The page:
Gare d’Orsay, coupe transversale (1898). Plan de Victor Laloux.
The Google Art Project is currently featuring a slideshow history of the Musée d’Orsay in Paris, showing the museum’s evolution from the world’s first all-electric rail terminal to its current status as a major repository of 19th-century art. The Gare d’Orsay was built to bring visitors to the Exposition Universelle of 1900, an event regular readers should be familiar with by now, a connection which only compounds the interest I have in the place. (See this recent post and the links below it for more on the subject.)
Projet A.C.T. Architecture (Renaud Bardon, Pierre Colboc, Jean-Paul Philippon). Coupe perspective générale, Octobre 1979.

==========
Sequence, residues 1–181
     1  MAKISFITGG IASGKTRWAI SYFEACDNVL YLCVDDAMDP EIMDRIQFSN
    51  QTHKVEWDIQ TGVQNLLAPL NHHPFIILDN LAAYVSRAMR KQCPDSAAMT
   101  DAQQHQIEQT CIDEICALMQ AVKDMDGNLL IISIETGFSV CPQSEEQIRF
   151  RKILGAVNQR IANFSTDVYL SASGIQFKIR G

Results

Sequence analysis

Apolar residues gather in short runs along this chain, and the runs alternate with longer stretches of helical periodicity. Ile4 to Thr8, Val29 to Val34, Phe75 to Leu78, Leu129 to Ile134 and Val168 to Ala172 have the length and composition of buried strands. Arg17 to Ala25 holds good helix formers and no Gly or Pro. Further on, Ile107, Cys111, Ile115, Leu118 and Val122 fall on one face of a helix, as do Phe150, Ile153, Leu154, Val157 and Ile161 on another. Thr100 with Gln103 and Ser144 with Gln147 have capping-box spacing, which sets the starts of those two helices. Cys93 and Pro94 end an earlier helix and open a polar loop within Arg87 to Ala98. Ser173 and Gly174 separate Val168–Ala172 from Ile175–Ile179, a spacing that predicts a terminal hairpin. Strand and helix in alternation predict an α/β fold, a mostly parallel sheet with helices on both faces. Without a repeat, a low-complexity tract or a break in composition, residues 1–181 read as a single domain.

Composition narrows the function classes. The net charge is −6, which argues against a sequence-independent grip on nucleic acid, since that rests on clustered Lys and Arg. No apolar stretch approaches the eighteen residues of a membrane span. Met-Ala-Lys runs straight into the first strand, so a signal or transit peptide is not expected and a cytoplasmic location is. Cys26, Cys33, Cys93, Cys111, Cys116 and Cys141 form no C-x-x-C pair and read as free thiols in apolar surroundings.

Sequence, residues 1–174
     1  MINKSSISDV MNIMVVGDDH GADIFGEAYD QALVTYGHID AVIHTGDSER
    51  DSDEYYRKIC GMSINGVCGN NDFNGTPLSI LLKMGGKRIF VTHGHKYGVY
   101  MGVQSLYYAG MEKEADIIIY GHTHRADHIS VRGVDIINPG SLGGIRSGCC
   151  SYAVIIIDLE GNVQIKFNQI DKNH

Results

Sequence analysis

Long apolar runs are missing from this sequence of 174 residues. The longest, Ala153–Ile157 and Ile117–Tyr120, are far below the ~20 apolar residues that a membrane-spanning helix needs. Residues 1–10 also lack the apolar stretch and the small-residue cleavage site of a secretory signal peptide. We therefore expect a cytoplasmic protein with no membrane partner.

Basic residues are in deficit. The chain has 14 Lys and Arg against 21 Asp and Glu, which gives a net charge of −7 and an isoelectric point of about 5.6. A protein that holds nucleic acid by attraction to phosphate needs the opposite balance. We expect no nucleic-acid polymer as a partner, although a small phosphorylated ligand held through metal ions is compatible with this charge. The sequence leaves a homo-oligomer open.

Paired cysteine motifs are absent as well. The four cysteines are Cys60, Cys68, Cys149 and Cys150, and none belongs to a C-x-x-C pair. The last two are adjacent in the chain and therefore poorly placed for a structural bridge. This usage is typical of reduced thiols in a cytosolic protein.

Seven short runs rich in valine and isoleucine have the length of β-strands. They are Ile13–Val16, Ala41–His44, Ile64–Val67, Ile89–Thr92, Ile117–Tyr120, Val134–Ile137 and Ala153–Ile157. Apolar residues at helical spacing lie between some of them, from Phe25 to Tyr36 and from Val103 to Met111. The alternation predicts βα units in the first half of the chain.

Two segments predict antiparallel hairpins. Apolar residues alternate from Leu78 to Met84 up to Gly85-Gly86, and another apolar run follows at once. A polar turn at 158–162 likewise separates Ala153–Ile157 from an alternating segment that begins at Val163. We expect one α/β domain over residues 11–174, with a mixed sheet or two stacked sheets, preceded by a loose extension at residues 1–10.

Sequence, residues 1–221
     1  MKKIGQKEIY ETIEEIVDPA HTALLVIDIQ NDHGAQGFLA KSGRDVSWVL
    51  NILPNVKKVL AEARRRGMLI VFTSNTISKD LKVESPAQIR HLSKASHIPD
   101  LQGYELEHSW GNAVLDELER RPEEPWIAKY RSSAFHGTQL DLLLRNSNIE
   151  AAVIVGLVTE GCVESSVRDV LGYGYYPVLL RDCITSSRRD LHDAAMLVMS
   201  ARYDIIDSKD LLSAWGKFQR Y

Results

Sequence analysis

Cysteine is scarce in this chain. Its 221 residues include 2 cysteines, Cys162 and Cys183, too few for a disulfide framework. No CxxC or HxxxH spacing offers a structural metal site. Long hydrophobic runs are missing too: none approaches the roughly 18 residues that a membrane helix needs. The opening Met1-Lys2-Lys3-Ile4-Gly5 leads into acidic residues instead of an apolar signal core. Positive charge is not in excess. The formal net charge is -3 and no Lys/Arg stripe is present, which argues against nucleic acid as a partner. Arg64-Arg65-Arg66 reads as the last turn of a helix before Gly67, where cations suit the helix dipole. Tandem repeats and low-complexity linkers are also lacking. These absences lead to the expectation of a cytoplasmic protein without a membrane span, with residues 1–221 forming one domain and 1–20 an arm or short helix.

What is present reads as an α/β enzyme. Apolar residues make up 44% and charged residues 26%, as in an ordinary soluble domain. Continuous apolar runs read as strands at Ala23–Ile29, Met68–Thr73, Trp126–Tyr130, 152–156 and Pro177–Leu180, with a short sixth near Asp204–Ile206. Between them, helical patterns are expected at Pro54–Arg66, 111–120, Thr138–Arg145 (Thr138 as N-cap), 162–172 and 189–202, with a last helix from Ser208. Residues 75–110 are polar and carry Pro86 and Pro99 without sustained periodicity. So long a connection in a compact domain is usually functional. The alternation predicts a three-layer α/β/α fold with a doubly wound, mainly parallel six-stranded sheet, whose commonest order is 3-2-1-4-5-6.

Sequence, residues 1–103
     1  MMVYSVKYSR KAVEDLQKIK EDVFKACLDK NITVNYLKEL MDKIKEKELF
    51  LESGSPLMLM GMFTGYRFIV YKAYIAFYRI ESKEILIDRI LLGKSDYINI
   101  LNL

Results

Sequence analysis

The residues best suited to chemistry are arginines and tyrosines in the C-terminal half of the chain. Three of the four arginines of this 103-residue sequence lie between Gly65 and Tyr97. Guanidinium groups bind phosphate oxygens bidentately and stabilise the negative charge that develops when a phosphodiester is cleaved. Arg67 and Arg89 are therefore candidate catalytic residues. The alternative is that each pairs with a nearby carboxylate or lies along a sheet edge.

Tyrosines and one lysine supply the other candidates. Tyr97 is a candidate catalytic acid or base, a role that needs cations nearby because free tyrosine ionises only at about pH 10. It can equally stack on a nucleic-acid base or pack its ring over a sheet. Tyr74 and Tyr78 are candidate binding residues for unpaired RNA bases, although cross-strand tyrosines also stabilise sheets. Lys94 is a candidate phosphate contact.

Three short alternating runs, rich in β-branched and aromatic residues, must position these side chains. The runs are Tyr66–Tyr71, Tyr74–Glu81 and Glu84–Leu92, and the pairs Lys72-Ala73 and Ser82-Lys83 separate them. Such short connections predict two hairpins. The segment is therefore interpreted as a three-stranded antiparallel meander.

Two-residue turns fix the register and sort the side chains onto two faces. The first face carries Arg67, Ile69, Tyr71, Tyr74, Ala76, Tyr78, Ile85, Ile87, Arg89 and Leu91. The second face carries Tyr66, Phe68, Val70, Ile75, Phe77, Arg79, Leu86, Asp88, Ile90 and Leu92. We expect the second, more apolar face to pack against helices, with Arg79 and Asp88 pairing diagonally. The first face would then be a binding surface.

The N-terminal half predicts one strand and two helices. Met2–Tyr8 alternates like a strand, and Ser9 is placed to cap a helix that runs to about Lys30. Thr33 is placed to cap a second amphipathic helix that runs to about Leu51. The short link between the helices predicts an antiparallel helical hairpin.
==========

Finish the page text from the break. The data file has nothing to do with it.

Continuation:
In addition to the building being one of the few structures remaining from the exposition, its dishevelled splendour provided Orson Welles with a fantastically evocative (and cheap!) set for his 1962 film of The Trial. It’s surprising to read that people objected to this, believing the spaces to be too large. The disjunction of space in Welles’ film is one of its great strengths, as is the confusion of architectural styles and detail. Much of this was improvisation imposed by necessity—money not being available for the sets that were planned—but it makes the film all the more labyrinthine and disorienting.